Diesel systems cost substantially more because they require two fuel sensors per engine, one in the supply line and a second for the return. Almost all diesels cool their injectors with excess fuel, so the flow sensors on the return lines have to compensate for the heated fuel, too. And the display must be more sophisticated, since it has to crunch the numbers from both sensors to arrive at a net fuel burn. Figure on spending around $1,000 for a basic single-engine diesel system and substantially more for digital and/or multiple-engine setups. More sensors also mean a more complex installation, maybe one you'd rather turn over to the boatyard—especially if you're not comfortable cutting your fuel lines.
If your engine is electronically controlled, you may have fuel management data already, probably in the engine computer. All you may need is a digital display for it. You may even be able to show fuel data on your multifunction display. Using the NMEA 2000 protocol, many electronics packages can accommodate input from a fuel sensor. Read the manual, check the manufacturer's Web site, or consult your electronics guru.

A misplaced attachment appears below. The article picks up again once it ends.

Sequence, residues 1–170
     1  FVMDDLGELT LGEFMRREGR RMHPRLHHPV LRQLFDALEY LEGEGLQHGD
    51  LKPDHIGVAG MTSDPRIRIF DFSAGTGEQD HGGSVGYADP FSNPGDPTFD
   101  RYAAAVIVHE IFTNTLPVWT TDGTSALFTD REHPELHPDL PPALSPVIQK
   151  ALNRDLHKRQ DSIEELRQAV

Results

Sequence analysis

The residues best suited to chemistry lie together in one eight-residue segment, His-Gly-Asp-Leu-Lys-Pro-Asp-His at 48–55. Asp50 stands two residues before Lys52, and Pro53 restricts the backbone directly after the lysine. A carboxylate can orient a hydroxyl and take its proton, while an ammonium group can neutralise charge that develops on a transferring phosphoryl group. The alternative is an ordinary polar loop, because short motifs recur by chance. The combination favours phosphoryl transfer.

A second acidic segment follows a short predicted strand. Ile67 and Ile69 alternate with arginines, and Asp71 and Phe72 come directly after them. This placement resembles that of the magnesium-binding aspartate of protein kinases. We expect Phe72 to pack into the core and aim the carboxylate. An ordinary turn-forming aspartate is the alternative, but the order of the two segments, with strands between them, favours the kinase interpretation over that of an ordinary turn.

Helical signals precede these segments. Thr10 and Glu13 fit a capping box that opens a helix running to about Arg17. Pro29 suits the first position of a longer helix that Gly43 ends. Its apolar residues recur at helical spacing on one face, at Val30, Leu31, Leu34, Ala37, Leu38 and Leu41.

However you do it, it will pay you to manage your fuel. Use the money you save to buy a nice bottle of cognac.
Ask the Experts: Michael Peters
The question: The price of fuel is keeping me from using my boat as much as I'd like to. Is there any way I can cut the burn and get on the water more often?
The answer: Naval architect Michael Peters works in an office in Sarasota, Florida, but he lives on the cutting edge. Peters' custom yachts, sportfishermen, and production boats lead the fleet in style and performance, while his raceboats have set umpteen records and won many international trophies, including a couple of World Championships. Since 1981 more than 20,000 boats have been built to his designs. Now that fuel costs are skyrocketing, he's developing yachts that will balance economy with performance. In reference to your question, he has bad news and good news.